Ask Matt: Cast Changes on 'Hawaii Five-0' and 'NCIS,' the 'Fargo' Finale, Diversity on 'Dynasty' and More
Welcome to the Q&A with TV critic (also known to some TV fans as their "TV therapist") Matt Roush, who'll address whatever you love, loathe, are confused or frustrated or thrilled by in today's vast TV landscape. One caution: This is a spoiler-free zone, so we won't be addressing upcoming storylines here unless it's already common knowledge. Please send your questions and comments to [email protected] (or use the form at the end of the column) and follow me on Twitter. Look for Ask Matt columns on most Tuesdays and Fridays.
Salaries and Race on ‘Hawaii Five-0’
Question: My thoughts on the Hawaii Five-0 cast shake-up have nothing to do with race. Please put that part out of the equation for a second. Alex O’Loughlin and Scott Caan are the stars of the show. Sadly, Grace Park and Daniel Dae Kim are considered co-stars or supporting players. They are not the main leads, even though they have been with the show since day one. Now there have been rare times when supporting players move up, like in the case of The Big Bang Theory, Simon Helberg and Kunal Nayyar were supporting players, but they are finally considered higher on the billing. Mayim Bialik and Melissa Rauch are also supporting players, but they got a raise (they are not the original five), with additional help from their co-stars. I know the women of Criminal Minds went through the same thing and got a satisfactory offer from CBS, but they are not the leads. It's sad that Grace and Daniel are leaving, but the fact is they are not the leads. In our minds, they are. We see them as equal, but they are not the main stars. The worst part is that other people are making this a “race” issue. Nowadays, there have to be other reasons: race, gender, weight and other things. For once, I don’t think this is a race issue. Unless CBS and CBS Television Studios want to consider all four actors as the leads, they are simply supporting players, who worked hard for over seven seasons. What are your thoughts? - Bud
Matt Roush: These complicated discussions are where the business of show business gets in the way of the show, and while you’ve got a point about supporting vs. leads in an ensemble cast, it’s impossible to consider the reality of the optics of the Hawaii Five-0 situation without considering race, especially given the cultural melting pot where the show is filmed. When a show goes beyond that magic seven-season point, as H50 has now done, the negotiations become especially tricky as the cost of production escalates, and there are often casualties. (Your Big Bang analogy is an anomaly, because the stakes are even higher on a mega-hit sitcom that’s a powerhouse in syndication—H50 is successful, but not on that level—and while Simon Helberg and Kunal Nayyar are at parity with the three leads, they’re still essentially supporting players in creative terms.)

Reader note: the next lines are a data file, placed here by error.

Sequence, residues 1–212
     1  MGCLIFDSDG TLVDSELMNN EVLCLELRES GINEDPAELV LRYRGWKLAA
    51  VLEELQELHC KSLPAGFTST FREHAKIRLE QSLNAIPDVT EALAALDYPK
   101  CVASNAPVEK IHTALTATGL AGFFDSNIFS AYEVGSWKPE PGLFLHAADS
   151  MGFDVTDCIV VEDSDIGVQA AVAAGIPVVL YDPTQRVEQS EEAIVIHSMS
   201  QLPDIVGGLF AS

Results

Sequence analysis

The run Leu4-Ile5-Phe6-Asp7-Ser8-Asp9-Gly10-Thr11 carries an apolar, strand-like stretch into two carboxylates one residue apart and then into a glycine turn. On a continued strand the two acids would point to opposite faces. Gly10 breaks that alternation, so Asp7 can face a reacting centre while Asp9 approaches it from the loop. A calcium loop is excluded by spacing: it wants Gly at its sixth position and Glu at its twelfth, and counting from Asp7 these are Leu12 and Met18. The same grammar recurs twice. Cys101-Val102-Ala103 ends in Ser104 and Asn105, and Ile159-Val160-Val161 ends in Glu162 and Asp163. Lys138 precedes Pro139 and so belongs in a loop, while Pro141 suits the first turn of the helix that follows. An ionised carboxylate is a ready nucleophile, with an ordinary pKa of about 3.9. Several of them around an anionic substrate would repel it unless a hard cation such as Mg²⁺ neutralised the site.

As the Hawaii saga unfolded, it seems that Grace Park was already looking for an exit strategy, so the real issue here is that CBS wouldn’t meet Daniel Dae Kim’s demands. That’s a real loss, since his character of Chin Ho links to the original series and Kim is an established star (Lost, etc.) who could have been bumped up to co-lead status alongside the Caucasian bro-team of McGarrett and Danno without altering the show’s chemistry that significantly. (Losing Park as Kono, of course, creates a gender imbalance as well, so strike two.) While it’s true that on one level the unfortunate way things played out was, as usual, more about money than race, the bigger picture is one of economic inequality for Asians in the TV industry, and for H50, an embarrassing setback to lose the two most prominent Asian actors in the cast. I can’t imagine the show will go forward without trying to replace these characters with new actors who reflect the ethnic richness of Hawaii. But the damage has already been done, and who knows if the show can recover.
Unhappy About NCIS Departure
Question: I for one am fed up with CBS! First they fire Jennifer Esposito as the best partner Danny ever had on Blue Bloods, now she’s let go from NCIS after one season! No reason was given, but if it was because of a drop in ratings when Michael Weatherly left, did ANYONE think there might not be a slight drop, come on. Could it have been the total of three new cast members!! Did either of the two new male members get the axe? Can't believe the male-heavy NCIS couldn't take another female cast member! Shame on you, CBS, you have twice treated Jennifer Esposito unfairly, but you could care less, I'm sure. Jennifer, you will be missed AGAIN!!! - Sandra